It’s Canning Season!
One of the best parts of summer is easy access to an abundance of fresh, homegrown fruits and vegetables. However, when the colder months roll around we are once again left deprived of these natural delights. Enter canning! Canning is a method of preservation, and the best way to enjoy summertime vegetables throughout the colder months.
Canning is an essential and safe, if done properly, method to food preservation. The canning process involves placing foods such as fruits, vegetables, jams, jellies, pickles, and other preserves, in jars and heating them to a temperature that eliminates micro-organisms that cause the food to spoil. During the heating process, air is driven out of the jar and as it cools a vacuum seal is formed. This seal prevents air from getting back into the jar, preventing these micro-organisms from contaminating the food and leading to successful preservation.
With fall fast approaching, we’d like to share some home canning tips to help you have as much success as possible this year. If your garden has been a success this year, you’ll probably have a good amount of vegetables to can! And if you’re canning from store-bought items, make sure to read your ingredient list closely and beforehand to see if ingredients need to be prepped before the canning process. For example, does your watermelon rind need to be soaked in brine overnight before you can begin the pickling process?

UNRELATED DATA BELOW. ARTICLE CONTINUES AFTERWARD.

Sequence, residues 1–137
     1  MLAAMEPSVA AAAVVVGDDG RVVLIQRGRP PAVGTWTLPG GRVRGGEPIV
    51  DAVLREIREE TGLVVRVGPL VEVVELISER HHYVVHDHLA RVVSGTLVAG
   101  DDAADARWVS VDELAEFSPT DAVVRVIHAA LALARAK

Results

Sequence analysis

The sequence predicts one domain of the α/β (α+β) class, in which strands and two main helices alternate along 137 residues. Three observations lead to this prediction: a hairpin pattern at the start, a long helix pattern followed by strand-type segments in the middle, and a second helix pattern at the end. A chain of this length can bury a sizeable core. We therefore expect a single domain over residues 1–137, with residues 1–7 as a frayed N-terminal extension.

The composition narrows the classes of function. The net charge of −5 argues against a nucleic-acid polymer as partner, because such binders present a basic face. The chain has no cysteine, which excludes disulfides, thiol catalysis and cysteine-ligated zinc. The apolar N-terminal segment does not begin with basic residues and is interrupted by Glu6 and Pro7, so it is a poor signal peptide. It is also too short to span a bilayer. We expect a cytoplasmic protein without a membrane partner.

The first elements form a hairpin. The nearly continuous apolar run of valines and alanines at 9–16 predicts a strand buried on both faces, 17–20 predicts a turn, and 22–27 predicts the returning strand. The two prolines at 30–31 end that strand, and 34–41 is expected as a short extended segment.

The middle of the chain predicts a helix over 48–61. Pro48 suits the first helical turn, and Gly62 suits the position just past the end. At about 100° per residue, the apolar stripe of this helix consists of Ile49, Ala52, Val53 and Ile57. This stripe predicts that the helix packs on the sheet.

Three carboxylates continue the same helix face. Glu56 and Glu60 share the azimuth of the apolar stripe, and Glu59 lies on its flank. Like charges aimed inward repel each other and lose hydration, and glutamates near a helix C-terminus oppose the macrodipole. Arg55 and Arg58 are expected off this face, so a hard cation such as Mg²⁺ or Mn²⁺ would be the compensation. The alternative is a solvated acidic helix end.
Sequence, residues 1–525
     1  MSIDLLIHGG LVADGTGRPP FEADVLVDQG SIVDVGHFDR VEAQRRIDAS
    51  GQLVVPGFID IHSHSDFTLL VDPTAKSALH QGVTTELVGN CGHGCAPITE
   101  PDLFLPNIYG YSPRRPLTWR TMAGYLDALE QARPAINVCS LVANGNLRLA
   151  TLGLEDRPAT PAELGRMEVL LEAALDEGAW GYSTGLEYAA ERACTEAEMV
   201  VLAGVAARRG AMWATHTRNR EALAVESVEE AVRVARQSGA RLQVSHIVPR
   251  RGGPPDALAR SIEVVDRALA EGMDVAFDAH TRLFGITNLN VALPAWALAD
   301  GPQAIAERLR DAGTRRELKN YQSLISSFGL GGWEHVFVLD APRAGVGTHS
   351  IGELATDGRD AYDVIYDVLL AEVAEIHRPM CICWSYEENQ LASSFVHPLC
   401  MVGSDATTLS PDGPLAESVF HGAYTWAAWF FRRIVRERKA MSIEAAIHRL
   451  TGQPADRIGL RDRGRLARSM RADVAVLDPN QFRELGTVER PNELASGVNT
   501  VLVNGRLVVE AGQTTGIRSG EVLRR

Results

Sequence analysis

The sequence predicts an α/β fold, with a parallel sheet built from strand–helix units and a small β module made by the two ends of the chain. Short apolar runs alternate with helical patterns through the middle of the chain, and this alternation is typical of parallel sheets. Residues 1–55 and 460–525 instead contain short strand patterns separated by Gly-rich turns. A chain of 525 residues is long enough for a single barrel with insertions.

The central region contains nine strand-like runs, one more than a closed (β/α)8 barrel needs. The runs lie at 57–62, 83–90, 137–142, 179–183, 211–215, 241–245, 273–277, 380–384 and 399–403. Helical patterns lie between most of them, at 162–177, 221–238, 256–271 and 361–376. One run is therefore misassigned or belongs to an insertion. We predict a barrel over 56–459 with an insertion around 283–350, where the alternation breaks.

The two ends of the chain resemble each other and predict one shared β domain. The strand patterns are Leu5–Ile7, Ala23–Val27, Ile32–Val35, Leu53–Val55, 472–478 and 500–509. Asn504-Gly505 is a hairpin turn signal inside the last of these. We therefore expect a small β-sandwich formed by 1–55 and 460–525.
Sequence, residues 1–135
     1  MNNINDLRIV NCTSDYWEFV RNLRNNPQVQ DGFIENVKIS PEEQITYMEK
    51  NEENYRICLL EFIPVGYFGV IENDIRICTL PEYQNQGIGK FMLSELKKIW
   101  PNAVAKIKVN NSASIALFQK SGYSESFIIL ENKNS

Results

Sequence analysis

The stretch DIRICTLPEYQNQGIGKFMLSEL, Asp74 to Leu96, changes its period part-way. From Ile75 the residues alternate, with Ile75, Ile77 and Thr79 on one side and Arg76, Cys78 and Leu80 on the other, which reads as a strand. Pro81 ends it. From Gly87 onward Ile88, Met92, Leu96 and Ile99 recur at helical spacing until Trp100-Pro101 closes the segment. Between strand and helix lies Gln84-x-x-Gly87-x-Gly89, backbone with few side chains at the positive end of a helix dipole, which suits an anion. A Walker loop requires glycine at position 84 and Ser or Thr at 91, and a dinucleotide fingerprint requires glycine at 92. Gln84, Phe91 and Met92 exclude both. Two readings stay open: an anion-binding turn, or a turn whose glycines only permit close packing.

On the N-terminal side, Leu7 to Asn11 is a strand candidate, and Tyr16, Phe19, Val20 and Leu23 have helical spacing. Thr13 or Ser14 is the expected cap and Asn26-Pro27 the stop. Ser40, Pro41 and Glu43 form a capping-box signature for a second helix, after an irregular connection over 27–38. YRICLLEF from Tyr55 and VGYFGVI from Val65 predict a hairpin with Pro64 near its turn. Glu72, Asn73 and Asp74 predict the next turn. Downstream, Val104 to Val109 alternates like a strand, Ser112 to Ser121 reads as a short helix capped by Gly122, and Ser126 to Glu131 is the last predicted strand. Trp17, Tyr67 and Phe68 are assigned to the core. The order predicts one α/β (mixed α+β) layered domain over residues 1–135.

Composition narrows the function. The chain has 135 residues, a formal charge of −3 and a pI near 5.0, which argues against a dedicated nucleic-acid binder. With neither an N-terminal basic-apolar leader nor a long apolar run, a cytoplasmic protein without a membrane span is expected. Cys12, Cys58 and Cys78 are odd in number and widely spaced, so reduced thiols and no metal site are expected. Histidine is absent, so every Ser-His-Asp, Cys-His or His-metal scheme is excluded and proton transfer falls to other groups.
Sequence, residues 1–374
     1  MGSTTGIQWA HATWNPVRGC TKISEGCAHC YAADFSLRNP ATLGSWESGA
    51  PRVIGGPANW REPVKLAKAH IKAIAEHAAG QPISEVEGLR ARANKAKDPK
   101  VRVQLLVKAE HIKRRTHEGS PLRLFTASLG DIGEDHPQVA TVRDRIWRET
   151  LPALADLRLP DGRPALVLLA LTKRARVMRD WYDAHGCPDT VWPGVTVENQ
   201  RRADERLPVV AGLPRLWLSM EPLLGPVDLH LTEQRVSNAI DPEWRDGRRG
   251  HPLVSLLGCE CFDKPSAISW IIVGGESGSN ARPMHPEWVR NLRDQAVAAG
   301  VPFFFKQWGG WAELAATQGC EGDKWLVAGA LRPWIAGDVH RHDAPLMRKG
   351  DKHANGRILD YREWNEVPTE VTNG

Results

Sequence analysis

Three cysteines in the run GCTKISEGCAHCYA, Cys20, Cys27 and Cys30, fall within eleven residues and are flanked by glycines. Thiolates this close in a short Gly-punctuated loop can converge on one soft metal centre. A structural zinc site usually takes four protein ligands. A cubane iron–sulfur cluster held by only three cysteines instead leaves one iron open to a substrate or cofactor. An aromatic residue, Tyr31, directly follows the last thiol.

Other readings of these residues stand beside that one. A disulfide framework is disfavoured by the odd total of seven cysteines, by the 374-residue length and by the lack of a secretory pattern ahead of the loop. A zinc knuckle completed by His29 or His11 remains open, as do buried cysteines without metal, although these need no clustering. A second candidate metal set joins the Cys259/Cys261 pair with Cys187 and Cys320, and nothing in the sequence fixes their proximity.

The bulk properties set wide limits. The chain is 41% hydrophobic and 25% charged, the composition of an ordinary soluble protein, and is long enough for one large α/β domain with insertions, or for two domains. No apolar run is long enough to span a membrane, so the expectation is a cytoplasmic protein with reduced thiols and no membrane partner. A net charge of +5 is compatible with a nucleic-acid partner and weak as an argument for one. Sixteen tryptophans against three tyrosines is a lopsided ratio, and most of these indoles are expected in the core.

When it comes to filling, experts have said that sterilizing jars and lids is not necessary because all bacteria will be eliminated in the process. Therefore, you can reuse jars from previous years, as long as they are in good condition. You’ll just need new lids to ensure a tight seal. Jars should be washed and dried before they are filled. It’s important to soak your new lids in hot water for ten minutes to soften the rubber edge, and help the lids grip on the top of the jar when the rings are screwed on.
Once the jars have been successfully processed, let them sit, untouched for at least an hour. As the jar cools the lids will sink into the center and you may hear a “ping” sound, indicating the lids have sealed. Store your jars away from direct sunlight, in a cool, dry place. Processed foods typically are good for a year, although many items will not spoil for a longer period of time. If you see mold, discoloration, or smell something funny, discard the food immediately. If a jar’s seal has been compromised discard of the food immediately, and ultimately, when in doubt, throw it out.